Fujitsu is planning to construct a new semiconductor manufacturing plant in Japan to produce a range of integrated circuits, the company said Wednesday.
The factory, which represents an investment of YEN 120 billion (AU$1.3 billion) over the next two years, will have a 65-nanometer class production line able to handle 300 millimeter semiconductor wafers.
A nanometer is a millionth of a millimeter and the measurement refers the size of the smallest feature it can support on the chip's surface. A smaller number means a more advanced production line.
Most chip manufacturers currently operate 90-nanometer lines although some companies, such as Intel, have already started running 65-nanometer lines.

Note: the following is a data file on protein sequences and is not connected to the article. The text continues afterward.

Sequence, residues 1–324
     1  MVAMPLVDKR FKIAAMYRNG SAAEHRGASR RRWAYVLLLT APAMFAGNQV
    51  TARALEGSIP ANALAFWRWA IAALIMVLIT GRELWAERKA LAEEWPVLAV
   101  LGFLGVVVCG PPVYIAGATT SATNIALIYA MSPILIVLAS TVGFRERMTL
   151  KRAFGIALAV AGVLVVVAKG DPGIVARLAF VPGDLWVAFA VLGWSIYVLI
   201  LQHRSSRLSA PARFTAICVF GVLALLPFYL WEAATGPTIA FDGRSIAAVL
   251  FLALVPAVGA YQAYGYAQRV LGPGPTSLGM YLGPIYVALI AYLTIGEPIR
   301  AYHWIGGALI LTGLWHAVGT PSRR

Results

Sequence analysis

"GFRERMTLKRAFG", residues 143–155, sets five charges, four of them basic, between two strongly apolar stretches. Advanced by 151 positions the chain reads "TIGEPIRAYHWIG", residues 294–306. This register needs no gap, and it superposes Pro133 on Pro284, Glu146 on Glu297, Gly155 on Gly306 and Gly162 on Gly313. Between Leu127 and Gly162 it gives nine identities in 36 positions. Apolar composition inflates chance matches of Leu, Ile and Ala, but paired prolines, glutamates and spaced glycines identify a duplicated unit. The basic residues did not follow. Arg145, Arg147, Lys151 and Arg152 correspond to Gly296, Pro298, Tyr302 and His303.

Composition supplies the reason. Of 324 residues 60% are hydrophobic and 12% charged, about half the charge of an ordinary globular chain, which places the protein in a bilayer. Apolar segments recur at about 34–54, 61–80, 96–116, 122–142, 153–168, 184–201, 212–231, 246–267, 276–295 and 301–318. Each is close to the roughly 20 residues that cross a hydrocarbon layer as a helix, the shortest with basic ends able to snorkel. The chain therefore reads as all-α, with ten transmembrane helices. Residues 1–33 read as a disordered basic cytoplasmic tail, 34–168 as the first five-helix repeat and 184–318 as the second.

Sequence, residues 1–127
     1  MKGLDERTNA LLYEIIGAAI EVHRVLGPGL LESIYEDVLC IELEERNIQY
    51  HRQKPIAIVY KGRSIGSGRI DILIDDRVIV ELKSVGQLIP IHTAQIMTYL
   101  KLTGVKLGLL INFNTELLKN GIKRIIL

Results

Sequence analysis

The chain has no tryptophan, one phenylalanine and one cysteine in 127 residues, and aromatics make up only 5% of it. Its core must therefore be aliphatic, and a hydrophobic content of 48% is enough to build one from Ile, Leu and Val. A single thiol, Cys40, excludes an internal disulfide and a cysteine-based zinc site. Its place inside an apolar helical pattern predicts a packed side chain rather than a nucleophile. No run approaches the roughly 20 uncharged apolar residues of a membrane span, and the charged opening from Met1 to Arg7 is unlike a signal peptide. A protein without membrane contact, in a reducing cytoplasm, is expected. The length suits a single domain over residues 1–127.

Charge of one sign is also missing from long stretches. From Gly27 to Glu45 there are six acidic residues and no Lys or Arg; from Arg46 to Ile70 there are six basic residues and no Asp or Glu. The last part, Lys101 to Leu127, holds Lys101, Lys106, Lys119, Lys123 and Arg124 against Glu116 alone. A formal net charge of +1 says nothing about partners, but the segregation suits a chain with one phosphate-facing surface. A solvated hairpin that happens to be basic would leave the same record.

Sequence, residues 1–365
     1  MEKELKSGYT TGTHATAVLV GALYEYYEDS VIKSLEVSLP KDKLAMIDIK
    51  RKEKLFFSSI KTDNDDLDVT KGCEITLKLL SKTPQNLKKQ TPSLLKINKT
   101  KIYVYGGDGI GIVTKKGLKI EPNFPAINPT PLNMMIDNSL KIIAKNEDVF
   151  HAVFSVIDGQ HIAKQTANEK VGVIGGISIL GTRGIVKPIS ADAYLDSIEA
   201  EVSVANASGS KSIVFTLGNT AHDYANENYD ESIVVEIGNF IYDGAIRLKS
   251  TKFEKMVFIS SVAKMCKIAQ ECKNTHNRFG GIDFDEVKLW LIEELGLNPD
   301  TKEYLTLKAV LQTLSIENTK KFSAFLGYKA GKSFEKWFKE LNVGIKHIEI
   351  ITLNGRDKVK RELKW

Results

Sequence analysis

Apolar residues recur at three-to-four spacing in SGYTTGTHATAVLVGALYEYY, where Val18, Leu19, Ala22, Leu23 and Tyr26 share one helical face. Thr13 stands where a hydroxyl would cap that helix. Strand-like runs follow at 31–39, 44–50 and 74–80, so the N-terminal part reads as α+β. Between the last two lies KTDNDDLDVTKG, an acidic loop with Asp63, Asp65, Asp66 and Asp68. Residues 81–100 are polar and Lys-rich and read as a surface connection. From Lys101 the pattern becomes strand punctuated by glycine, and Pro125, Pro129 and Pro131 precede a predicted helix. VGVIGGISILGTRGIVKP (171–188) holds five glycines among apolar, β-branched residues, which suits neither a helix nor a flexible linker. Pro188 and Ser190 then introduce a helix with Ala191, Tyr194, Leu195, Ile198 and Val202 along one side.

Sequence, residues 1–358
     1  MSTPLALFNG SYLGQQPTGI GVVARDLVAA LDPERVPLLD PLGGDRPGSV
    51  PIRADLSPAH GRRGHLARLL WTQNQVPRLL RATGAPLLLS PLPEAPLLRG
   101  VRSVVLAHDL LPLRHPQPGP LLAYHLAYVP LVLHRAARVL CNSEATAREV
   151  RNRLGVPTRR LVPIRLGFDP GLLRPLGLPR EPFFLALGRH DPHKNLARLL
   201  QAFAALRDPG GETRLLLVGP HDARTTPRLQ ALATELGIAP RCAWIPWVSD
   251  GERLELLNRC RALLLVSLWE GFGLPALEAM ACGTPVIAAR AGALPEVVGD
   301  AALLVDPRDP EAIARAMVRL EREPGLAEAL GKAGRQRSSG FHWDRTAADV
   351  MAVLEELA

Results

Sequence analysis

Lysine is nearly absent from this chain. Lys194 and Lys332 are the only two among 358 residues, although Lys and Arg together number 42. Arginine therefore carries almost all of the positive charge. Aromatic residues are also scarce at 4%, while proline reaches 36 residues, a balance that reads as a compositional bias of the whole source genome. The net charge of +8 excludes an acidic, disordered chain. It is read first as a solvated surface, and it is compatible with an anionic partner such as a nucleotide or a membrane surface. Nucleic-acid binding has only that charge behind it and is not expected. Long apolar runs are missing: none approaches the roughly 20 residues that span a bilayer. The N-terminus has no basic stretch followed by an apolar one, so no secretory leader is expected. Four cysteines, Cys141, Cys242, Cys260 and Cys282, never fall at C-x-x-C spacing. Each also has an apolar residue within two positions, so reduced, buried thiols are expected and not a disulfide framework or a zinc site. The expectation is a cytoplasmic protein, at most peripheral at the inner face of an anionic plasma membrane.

The factory is scheduled to be constructed alongside an existing Fujitsu plant in Mie prefecture, west Japan, in the company's 2006 fiscal year, which runs from April 2006 to March 2007. Production is planned to begin in April 2007 and volume production will start in July 2007, Fujitsu said in a statement. By the end of March 2008, production should be running at up to 10,000 wafers per month.
Further investments -- the timing and size of which were not announced -- will take volume production to a maximum 25,000 wafers per month, said Fujitsu.